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J Viral Hepat. 2018 Oct;25(10):1121-1131. doi: 10.1111/jvh.12914. Epub 2018 May 9.

Precore G1896A mutation is associated with reduced rates of HBsAg seroclearance in treated HIV hepatitis B virus co-infected patients from Western Africa.

Author information

1
INSERM, Institut Pierre Louis d'Epidémiologie et de Santé Publique, Sorbonne Université, Paris, France.
2
Programme PAC-CI, ANRS Research Site, Treichville University Hospital, Abidjan, Côte d'Ivoire.
3
Department of Infectious and Tropical Diseases, Treichville University Teaching Hospital, Abidjan, Côte d'Ivoire.
4
Medical School, University Felix Houphouet Boigny, Abidjan, Côte d'Ivoire.
5
Laboratoire de Virologie, Hôpital Saint-Louis, AP-HP, Paris, France.
6
Université Paris-Diderot, Paris, France.
7
INSERM U1052- Cancer Research Center of Lyon (CRCL), Lyon, France.
8
INSERM, U1219, Bordeaux, France.
9
University of Bordeaux, ISPED, Bordeaux, France.
10
INSERM U941, Paris, France.
11
University of Lyon, UMR_S1052, CRCL, Lyon, France.
12
Department of Hepatology, Hospices Civils de Lyon, Lyon, France.
13
Department of Infectious and Tropical Diseases, Saint-Antoine Hospital, AP-HP, Paris, France.
14
INSERM, Institut Pierre Louis d'Epidémiologie et de Santé Publique, Hôpital Saint Antoine, AP-HP, Sorbonne Université, Paris, France.

Abstract

The nucleotide substitution G1896A on the precore (pc) region has been implicated in virological and serological responses during treatment in hepatitis B virus (HBV)-infected patients. Whether this mutation affects the therapeutic course of HIV-HBV co-infected patients, especially from Western Africa, is unknown. In this prospective cohort study, 86 antiretroviral (ARV)-naïve HIV-HBV co-infected patients from Côte d'Ivoire, initiating ARV-treatment containing lamivudine (n = 53) or tenofovir (n = 33), had available baseline pc sequences. Association of the pcG1896A mutation with time to undetectable HBV-DNA, hepatitis B "e" antigen (HBeAg) seroclearance (in HBeAg-positive patients), and hepatitis B surface antigen (HBsAg) seroclearance was evaluated using Cox proportional hazards regression. At ARV-initiation, median HBV-DNA was 6.04 log10 copies/mL (IQR = 3.70-7.93) with 97.7% harbouring HBV genotype E. Baseline pcG1896A mutation was identified in 51 (59.3%) patients, who were more commonly HBeAg-negative (P < .001) and had basal core promotor A1762T/G1764A mutations (P < .001). Patients were followed for a median 36 months (IQR = 24-36). Cumulative proportion of undetectable HBV-DNA was significantly higher in patients with baseline mutation (pcG1896A = 86.6% vs no pcG1896A = 66.9%, P = .04), but not after adjusting for baseline HBV-DNA levels and anti-HBV agent (P = .2). No difference in cumulative proportion of HBeAg seroclearance was observed between mutation groups (pcG1896A = 57.1% vs no pcG1896A = 54.3%, P = .7). Significantly higher cumulative proportion of HBsAg seroclearance was observed in patients without this mutation (pcG1896A = 0% vs no pcG1896A = 36.9%, P < .001), even after adjusting for baseline HBsAg quantification and anti-HBV agent (P < .001). In conclusion, lacking the pcG1896A mutation before ARV initiation appeared to increase HBsAg seroclearance rates during treatment. The therapeutic implications of this mutation need further exploration in this setting.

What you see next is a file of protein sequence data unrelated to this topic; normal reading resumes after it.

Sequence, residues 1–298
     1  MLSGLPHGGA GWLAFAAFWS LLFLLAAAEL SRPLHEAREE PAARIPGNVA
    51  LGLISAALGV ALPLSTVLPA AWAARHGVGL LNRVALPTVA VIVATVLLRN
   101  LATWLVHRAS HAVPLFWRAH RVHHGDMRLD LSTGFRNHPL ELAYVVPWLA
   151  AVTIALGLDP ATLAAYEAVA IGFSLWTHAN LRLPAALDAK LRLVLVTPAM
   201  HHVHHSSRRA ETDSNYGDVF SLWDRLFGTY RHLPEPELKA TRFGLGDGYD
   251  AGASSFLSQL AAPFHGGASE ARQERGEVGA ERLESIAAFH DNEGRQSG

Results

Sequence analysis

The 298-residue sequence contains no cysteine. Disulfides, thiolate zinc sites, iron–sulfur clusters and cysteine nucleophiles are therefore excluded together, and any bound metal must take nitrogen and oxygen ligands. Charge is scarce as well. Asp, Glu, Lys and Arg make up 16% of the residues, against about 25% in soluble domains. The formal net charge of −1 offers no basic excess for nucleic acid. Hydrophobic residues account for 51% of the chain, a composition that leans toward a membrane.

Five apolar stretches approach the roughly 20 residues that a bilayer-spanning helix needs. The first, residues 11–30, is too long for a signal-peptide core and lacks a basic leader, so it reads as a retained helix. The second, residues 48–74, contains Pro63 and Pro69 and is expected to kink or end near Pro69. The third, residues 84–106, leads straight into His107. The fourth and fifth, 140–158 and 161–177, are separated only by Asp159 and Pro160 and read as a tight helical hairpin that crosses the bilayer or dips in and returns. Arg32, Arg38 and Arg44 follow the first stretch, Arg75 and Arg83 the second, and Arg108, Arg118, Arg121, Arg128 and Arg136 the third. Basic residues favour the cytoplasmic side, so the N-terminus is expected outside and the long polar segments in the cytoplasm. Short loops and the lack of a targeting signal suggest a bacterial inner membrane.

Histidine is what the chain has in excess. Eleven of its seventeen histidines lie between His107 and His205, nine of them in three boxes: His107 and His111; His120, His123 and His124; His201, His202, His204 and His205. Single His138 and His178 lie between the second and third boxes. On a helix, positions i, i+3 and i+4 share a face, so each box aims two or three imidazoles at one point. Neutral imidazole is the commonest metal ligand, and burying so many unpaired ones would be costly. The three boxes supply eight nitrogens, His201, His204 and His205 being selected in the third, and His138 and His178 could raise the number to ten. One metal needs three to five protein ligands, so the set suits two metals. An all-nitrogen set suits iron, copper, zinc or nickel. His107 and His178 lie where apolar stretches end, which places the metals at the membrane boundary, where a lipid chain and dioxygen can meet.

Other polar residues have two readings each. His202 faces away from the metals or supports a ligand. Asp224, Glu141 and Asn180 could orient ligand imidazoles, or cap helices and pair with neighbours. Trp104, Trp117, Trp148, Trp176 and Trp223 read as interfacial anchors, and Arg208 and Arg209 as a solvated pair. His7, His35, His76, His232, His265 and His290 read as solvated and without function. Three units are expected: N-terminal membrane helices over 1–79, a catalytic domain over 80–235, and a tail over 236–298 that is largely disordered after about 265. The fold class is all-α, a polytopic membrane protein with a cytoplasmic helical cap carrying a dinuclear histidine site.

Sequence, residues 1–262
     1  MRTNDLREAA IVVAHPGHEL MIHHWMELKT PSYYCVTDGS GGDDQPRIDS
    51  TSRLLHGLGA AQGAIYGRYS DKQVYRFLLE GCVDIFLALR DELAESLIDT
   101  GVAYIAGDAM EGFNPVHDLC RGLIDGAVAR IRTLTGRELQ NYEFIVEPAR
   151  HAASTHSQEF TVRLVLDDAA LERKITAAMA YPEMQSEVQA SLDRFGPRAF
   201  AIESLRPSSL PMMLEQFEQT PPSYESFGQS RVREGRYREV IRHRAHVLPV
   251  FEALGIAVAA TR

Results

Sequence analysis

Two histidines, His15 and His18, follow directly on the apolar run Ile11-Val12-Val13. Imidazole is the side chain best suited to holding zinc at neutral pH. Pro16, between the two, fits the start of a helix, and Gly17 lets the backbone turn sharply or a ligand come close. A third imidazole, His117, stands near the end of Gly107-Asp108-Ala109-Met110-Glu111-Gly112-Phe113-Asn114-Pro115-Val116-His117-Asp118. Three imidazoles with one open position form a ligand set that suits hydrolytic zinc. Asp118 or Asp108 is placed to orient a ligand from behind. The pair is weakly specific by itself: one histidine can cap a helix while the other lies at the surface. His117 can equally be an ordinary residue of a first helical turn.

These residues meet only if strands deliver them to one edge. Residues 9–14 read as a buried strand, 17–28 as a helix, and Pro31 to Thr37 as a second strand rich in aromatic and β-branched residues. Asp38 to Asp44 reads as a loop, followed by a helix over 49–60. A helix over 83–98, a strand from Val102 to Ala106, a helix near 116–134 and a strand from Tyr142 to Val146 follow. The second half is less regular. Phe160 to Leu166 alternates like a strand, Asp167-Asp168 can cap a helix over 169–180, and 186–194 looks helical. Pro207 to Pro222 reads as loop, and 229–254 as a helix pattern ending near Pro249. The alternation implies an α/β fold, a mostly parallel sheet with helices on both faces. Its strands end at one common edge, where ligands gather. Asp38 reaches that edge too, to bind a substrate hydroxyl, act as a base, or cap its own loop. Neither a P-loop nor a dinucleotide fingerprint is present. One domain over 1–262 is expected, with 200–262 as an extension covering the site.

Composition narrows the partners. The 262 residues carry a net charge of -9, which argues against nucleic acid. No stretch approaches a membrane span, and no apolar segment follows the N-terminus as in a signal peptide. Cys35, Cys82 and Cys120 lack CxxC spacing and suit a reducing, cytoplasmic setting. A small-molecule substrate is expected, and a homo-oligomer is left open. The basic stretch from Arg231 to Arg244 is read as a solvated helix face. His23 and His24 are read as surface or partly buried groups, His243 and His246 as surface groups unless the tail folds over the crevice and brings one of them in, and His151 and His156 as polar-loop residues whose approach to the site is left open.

KEYWORDS:

precore ; antiviral treatment; basal core promoter; genetic variability; immunosuppression

PMID:
29660214
DOI:
10.1111/jvh.12914

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